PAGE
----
A South African actors' union is upset that Jennifer Hudson has been cast in the lead role of the upcoming biopic "Winnie" — about Winnie Mandela — ahead of local South African actresses. The film is being directed by veteran South African filmmaker Darrell J. Roodt and will be shot in the country, but some union members say casting a local actress would better honor Mandela's life. As threats of a boycott take hold, should filmmakers dump Hudson?

No. Films need big-name stars: Movies need star power to succeed, says Vuyo Sabani in South Africa's The Times. For instance, "Denzel Washington as a lead would generate more interest and revenue" than a local actor the world has never heard of. If South Africans insist that only our own actors be allowed to tell our stories, the world may never get to hear them.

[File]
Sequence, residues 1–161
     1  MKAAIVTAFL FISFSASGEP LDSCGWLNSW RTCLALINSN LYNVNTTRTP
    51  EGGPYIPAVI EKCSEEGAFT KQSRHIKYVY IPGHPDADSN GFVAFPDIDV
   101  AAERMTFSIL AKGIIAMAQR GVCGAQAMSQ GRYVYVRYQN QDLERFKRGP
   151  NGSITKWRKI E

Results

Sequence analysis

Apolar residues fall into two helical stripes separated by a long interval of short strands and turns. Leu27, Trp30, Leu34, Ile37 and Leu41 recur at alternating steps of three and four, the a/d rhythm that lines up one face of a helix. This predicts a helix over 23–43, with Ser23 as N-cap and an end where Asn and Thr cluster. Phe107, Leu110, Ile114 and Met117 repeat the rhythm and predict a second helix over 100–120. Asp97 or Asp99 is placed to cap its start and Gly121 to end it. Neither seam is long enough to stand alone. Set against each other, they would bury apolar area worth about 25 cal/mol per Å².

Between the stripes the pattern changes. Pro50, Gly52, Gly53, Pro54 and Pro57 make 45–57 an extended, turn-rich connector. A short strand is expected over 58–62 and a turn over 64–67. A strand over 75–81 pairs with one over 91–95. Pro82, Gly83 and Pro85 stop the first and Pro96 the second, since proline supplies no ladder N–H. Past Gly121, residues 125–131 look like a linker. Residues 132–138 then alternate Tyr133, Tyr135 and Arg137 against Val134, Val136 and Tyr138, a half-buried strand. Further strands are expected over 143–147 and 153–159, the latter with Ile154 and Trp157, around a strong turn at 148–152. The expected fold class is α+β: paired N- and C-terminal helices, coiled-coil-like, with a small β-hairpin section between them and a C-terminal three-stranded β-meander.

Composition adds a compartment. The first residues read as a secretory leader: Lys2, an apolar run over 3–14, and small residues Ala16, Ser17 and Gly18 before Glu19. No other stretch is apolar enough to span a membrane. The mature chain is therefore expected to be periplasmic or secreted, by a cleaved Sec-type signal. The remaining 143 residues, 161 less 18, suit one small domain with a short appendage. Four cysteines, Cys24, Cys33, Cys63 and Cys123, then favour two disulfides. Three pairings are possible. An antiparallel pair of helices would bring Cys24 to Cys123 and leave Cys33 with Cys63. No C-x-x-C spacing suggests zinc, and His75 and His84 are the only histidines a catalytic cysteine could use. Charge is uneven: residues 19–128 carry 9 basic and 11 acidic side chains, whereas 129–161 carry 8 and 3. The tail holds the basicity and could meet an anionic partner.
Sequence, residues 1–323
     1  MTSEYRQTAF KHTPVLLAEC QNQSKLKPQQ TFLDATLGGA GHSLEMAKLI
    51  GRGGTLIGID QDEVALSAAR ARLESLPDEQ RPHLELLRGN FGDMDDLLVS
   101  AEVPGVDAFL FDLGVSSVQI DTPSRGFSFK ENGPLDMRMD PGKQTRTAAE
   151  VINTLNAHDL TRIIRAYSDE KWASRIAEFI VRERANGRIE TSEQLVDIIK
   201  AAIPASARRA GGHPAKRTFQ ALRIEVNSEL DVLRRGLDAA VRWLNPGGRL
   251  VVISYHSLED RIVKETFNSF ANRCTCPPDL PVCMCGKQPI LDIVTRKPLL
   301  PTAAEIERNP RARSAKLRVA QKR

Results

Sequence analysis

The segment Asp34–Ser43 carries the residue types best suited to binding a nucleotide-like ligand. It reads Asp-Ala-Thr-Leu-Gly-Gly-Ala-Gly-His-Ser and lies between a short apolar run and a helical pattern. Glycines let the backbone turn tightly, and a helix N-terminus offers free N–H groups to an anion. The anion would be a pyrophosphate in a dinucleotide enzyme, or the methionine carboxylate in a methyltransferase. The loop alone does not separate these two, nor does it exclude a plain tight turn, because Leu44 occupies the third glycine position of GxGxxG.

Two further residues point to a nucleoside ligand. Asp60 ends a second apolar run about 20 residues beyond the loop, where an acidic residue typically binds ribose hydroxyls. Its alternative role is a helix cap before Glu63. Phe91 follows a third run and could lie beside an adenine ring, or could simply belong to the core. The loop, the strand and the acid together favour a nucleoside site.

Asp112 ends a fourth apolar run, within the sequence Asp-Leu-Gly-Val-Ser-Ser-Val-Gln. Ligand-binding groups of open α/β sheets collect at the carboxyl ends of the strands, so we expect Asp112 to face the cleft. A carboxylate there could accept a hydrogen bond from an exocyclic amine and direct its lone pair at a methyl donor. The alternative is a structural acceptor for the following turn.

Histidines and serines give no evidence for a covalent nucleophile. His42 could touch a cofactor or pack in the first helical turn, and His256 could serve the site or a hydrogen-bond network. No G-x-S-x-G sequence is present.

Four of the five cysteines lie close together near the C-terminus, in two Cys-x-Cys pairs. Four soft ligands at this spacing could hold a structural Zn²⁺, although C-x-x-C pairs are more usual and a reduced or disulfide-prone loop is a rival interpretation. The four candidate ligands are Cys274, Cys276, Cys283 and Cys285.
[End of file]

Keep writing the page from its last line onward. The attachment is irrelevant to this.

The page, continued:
"Hollywood casting is for cash, not for sentiment"

Only a South African can play this role: It was one thing when Morgan Freeman was cast as Nelson Mandela in "Invictus," but now a troubling pattern is emerging, says actor Florence Masebe, as quoted in the Guardian. "Why do Americans and foreigners play the roles we hold so dear?" Winnie Mandela was "the mother of the nation" and having anyone besides a South African assume her role is "so wrong."
"South African actors attack Hollywood casting of Mandelas"

What's all the fuss about? The attacks on Jennifer Hudson are sexist -- nobody complained when Freeman was picked for "Invictus," says Krystal Clark at ScreenCrave. The complaints are also "bogus and irrational" -- all movies call on actors of all nationalities and backgrounds. If Hollywood barred foreigners from playing Americans, "half of our acting community would disappear."
"Jennifer Hudson criticized for Mandela role"